Wal-Mart first taught us the power of supply chain economics a generation ago. But surprisingly FEW advances have been made in the field since the bar code in 1974. Now radio frequency identification tags the size of a grain of rice are able to emit unique signals that tell you precisely where everything is in your supply chain. International Paper is already saving millions by tracking each tree through the supply chain until it hits your local hardware store. Meat packers now track a cow from birth to burger.
But what happened in just the last few months turned RFID from "cool" to vital. First, on October 8, the U.S. Army decided that all 23,000 of its suppliers must begin electronic tagging. The savings to the taxpayer of this one move will mount into the BILLIONS.
Secondly, the question of which RFID system would be "standard" was settled. There's going to be ONE standard. (By the way, there are four or five different ways to play the RFID revolution. You need to read our report, "The Tracked Economy: How to make a fortune from the RFID Revolution" carefully, because I outline opportunities in healthcare, homeland security, and marketing that will equal the opportunities in manufacturing. But manufacturing will take off first -- so let's focus on that here.)
Very few joys in life come close to that of owning a $100 stock -- that you bought for $10. Our top RFID company will give you that experience -- only better, and here's why: This company is a billion-dollar (sales) outfit known on Wall Street as an exceptionally DULL supplier to the automotive industry. YAWN. One obscure division of this company happens to have the total SOLUTION for mandated RFID systems. NOW -- today -- and ready to ship in MASS quantities.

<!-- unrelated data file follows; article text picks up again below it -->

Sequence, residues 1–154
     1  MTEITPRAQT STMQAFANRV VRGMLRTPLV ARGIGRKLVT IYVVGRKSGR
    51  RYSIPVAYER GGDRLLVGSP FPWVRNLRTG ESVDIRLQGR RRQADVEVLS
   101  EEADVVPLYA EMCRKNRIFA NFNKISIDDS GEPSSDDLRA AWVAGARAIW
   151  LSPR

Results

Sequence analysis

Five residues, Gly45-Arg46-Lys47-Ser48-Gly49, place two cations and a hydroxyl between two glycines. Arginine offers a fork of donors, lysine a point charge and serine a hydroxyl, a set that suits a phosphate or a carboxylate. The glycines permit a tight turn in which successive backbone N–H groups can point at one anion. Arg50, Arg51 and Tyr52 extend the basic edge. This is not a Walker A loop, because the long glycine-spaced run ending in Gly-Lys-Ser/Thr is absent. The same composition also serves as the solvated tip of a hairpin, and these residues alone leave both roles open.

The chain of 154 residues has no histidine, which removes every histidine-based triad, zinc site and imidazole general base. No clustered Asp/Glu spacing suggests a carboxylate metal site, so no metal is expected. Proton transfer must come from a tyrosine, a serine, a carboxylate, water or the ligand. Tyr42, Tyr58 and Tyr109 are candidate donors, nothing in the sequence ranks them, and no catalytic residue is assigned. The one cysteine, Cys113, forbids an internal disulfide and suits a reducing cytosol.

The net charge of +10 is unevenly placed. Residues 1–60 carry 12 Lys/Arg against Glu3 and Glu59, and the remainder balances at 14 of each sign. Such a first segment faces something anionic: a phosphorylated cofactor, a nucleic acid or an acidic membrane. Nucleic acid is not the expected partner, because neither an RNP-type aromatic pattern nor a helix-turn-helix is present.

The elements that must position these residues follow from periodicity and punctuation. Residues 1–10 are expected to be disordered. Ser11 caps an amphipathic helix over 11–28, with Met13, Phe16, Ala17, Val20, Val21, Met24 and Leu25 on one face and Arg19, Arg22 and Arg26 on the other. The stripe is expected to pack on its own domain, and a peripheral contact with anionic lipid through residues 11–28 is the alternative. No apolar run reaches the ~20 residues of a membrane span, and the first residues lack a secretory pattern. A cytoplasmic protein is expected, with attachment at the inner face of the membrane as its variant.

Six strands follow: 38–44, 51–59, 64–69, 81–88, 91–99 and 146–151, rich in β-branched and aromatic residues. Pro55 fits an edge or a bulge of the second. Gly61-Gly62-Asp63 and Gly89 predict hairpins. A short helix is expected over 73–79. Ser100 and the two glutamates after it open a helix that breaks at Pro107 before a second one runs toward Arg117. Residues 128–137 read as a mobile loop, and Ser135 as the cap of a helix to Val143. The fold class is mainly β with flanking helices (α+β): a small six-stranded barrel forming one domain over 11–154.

That's right: they are one of just a very few companies on EARTH able to meet this worldwide technology mandate that 75,000 Wal-Mart suppliers are going to be scrambling and clawing for in 2004.
Best of all, this is a low-risk stock: This is the ONLY way, as a supplier, you can get your RFID systems up in time for Wal-Mart's deadline. And this company is sitting on $240 million in cash with no long-term debt; the Street valuation is absurdly based on automotive manufacturing metrics; and you get in on the spin-off I.P.O at a time when other investors would kill for just one share.
When electronic tags are just in LoJacks, the anti-theft device, there is not a lot of information you have to keep track of. But when there's an electronic tag on every ballpoint pen, you need to control billions of pieces of information instantly, and our second pick -- one of the fastest growing companies in the U.S. -- does just that.
The fourth "tag stock" we detail for you in "The Tracked Economy" provides the missing link between the warehouse and the back office. This company has developed the first TRANSDERMAL electronic tag. This is the technology that tracks PEOPLE, not things. Babies in the hospital; criminals in Mexico; terrorists in Afghanistan. All very George Orwell. But all very profitable in the next few years. One day, this company will put the money launderers out of business -- because it has the technology to turn every banknote into a radio antenna!